The second was an athlete who will forever have his name etched into my memory. In my teenage years whilst competing for various clubs, one boy called Darren Mead from Thetford   had dominated all the local races.  He had gone on to represent Great Britain at the World Junior Cross Country Championships in Switzerland (1986) and gained a No 1 ranking for 10 miles for U 17’s (1987).   I had often wondered what had become of this talented boy?  Well here he was at the prize giving with his son, who had obviously inherited some of his talent.  My sister-in-law introduced me and we reminisced about how long ago it was we used to compete, and although he said he was still fit he appeared not to have competed for some time, hope maybe we’ll see him run again next year.

Well done to my Sister in Law Caroline Wakefield who was second Senior Lady in the series and Charlie Wakefield who won the Under 9’s series, not forgetting little Charlie who will surely win many events in years to come, and even if he doesn’t his ‘Mad’ uncle Ian will be proud as long as he does his best.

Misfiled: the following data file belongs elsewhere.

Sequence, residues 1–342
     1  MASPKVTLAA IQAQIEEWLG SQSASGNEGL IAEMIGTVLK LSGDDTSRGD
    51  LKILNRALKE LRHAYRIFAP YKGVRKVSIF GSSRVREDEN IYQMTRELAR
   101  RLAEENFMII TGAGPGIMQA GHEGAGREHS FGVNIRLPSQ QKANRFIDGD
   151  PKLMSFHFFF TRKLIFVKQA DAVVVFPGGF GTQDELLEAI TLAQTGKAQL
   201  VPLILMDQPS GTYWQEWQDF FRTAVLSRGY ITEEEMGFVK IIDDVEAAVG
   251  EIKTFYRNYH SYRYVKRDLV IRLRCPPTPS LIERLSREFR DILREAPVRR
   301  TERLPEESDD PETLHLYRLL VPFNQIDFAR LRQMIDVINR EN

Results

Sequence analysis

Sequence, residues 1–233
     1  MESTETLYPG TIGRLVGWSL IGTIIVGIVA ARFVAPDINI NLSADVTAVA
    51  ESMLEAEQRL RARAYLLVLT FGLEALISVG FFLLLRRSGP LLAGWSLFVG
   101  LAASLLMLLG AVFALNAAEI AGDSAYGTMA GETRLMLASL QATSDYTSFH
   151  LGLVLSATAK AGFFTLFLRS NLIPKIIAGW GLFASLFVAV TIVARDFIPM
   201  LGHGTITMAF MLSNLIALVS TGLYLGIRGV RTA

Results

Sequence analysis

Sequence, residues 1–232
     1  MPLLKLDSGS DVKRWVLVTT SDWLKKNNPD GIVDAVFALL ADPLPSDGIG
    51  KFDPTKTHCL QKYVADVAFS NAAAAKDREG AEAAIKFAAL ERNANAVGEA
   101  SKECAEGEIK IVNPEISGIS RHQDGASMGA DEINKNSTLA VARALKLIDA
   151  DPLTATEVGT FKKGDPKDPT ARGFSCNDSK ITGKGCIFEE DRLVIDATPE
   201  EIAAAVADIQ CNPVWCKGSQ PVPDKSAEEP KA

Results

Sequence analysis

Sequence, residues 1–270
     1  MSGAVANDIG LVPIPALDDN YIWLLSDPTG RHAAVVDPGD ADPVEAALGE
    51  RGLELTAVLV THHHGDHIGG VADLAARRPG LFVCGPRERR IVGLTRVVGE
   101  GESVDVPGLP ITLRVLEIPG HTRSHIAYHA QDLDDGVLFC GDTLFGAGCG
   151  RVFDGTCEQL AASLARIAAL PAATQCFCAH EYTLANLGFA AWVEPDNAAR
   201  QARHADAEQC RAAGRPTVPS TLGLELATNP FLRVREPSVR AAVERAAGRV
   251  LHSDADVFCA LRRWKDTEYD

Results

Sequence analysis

Whilst there I thought it would be great to have a go in the mens race, and was pleased with my 29 mins over 6.5 km considering the lack of running I do these days.

Video of Charlie and Harry 2 years ago in the same race!

Update – on 26 March 2012 Charlie became County Champion for under 9’s at the County Showground!

Charlie_leading_ryston_2

Winning the U15 Ryston Grand Prix aged 12 on 11th October 2015

Thetford Winter Series – Round 4 2012

Round 4

Sunday 26 th February 2012 saw the final round of the Thetford Winter Series.  The week before the race I’d had a really busy time, getting organised for the Nottinghamshire School Games as part of my job (A bit like the Olympics only smaller :-)), so with a few 12 hour days and 250 mile round trip to Thetford, I really thought I had wrecked my chances of a good race.